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Mech Ageing Dev. 2010 Oct;131(10):625-35. doi: 10.1016/j.mad.2010.08.008. Epub 2010 Sep 9.

Comparison of ex vivo and in vitro human fibroblast ageing models.

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1
Department of Biomedical Sciences, University of Modena and Reggio Emilia, Via G. Campi 287, Modena, Italy.

Abstract

Several studies have analyzed modulation of gene expression during physiological ageing with interesting, but often contradictory results, depending on the model used. In the present report we compare age-related metabolic and synthetic parameters in human dermal fibroblasts (HDF) isolated from young and old subjects (ex vivo ageing model) and cultured from early up to late cumulative population doublings (CPD) (in vitro ageing model) in order to distinguish changes induced in vivo by the aged environment and maintained in vitro, from those associated with cell senescence and progressive CPD. Results demonstrate that fibroblasts from aged donors, already at early CPD, exhibit an impaired redox balance, highlighting the importance of this parameter during ageing, even in the presence of standard environmental conditions, which are considered optimal for cell growth. By contrast, several proteins, as those related to heat shock response, or involved in endoplasmic reticulum and membrane trafficking, appeared differentially expressed only during in vitro ageing, suggesting that, at high CPD, the whole cell machinery becomes permanently altered. Finally, given the importance of the elastic component for a long-lasting connective tissue structural and functional compliance, this study focuses also on elastin and fibulin-5 synthesis and deposition, demonstrating a close relationship between fibulin-5 and ageing.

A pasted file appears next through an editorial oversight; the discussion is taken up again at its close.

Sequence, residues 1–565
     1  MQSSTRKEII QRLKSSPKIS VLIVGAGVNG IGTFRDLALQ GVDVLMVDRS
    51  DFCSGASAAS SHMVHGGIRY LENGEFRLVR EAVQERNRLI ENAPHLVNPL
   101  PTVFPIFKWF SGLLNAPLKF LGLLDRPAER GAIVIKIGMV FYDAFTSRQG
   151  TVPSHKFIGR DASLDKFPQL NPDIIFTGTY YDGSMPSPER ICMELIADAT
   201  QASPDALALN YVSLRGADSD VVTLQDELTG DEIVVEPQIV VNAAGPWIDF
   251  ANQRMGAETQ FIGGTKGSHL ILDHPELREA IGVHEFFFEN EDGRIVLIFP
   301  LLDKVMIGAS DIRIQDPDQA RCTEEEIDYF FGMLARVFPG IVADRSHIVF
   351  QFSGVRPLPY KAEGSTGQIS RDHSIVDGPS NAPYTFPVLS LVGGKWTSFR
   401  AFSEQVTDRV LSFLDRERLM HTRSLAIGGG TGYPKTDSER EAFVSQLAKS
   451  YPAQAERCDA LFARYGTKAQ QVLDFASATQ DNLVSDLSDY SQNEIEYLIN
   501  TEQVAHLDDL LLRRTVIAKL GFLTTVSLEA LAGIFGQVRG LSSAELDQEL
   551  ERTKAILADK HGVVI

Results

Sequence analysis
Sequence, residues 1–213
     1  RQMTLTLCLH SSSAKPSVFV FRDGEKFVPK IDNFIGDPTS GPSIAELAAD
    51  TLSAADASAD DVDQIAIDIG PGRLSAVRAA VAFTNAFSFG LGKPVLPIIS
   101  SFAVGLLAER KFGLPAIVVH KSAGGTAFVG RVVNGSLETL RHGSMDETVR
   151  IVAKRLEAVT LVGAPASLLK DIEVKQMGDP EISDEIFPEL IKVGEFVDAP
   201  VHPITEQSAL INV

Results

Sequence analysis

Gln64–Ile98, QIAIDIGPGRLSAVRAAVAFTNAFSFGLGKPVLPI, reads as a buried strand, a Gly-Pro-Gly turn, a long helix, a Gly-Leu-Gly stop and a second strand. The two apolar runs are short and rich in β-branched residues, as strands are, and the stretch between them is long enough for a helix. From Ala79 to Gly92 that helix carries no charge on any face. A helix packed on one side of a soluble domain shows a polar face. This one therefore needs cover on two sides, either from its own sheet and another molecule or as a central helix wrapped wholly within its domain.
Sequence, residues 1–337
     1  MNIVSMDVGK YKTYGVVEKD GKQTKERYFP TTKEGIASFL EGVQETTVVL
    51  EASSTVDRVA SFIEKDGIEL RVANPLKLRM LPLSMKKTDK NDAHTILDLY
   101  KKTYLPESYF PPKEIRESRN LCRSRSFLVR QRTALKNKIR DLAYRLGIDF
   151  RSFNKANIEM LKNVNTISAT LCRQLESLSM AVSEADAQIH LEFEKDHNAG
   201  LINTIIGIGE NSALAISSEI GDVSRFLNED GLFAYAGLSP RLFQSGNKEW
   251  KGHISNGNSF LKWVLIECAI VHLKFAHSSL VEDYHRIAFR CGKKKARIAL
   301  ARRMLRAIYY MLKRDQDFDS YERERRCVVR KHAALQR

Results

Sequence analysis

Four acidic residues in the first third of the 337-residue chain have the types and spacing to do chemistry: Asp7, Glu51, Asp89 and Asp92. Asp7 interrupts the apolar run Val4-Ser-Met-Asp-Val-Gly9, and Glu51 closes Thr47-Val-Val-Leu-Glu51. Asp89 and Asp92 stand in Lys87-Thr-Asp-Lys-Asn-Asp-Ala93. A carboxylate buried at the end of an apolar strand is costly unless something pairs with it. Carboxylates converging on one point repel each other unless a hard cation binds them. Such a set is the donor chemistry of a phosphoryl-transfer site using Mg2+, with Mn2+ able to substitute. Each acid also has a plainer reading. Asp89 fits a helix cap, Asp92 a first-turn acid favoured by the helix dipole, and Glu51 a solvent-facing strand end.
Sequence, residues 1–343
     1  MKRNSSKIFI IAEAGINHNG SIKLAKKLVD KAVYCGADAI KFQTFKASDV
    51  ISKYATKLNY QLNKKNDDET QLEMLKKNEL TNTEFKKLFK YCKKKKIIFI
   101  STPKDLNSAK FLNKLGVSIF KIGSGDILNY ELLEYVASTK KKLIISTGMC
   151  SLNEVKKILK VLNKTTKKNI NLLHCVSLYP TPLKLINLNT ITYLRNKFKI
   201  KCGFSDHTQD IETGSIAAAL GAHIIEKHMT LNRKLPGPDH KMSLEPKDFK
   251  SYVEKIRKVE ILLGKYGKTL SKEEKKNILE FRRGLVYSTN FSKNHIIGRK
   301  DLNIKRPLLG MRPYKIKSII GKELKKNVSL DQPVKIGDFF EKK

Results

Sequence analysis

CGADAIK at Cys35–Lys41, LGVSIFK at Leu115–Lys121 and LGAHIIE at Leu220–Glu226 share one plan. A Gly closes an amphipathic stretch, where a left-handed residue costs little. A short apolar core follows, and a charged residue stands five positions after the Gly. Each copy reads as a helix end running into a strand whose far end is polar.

PMID:
20816692
DOI:
10.1016/j.mad.2010.08.008
[Indexed for MEDLINE]
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